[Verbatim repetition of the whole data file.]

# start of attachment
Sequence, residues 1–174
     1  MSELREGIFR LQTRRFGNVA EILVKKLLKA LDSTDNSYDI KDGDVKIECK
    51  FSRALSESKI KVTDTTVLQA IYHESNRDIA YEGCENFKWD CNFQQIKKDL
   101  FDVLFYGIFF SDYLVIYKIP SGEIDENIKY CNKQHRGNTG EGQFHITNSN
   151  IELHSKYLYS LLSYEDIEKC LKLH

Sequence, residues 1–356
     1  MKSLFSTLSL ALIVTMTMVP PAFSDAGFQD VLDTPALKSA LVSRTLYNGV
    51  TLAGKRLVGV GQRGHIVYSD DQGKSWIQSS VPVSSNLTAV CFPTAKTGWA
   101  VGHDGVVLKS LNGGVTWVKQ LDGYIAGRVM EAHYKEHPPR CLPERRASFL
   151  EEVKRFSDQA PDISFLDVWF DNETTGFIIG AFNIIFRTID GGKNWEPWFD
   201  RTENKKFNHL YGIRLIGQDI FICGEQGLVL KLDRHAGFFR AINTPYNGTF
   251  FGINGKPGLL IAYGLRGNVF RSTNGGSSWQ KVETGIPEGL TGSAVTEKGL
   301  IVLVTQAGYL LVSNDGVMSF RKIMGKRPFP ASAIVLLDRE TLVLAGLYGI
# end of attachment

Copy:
Sequence, residues 1–174
     1  MSELREGIFR LQTRRFGNVA EILVKKLLKA LDSTDNSYDI KDGDVKIECK
    51  FSRALSESKI KVTDTTVLQA IYHESNRDIA YEGCENFKWD CNFQQIKKDL
   101  FDVLFYGIFF SDYLVIYKIP SGEIDENIKY CNKQHRGNTG EGQFHITNSN
   151  IELHSKYLYS LLSYEDIEKC LKLH

Sequence, residues 1–356
     1  MKSLFSTLSL ALIVTMTMVP PAFSDAGFQD VLDTPALKSA LVSRTLYNGV
    51  TLAGKRLVGV GQRGHIVYSD DQGKSWIQSS VPVSSNLTAV CFPTAKTGWA
   101  VGHDGVVLKS LNGGVTWVKQ LDGYIAGRVM EAHYKEHPPR CLPERRASFL
   151  EEVKRFSDQA PDISFLDVWF DNETTGFIIG AFNIIFRTID GGKNWEPWFD
   201  RTENKKFNHL YGIRLIGQDI FICGEQGLVL KLDRHAGFFR AINTPYNGTF
   251  FGINGKPGLL IAYGLRGNVF RSTNGGSSWQ KVETGIPEGL TGSAVTEKGL
   301  IVLVTQAGYL LVSNDGVMSF RKIMGKRPFP ASAIVLLDRE TLVLAGLYGI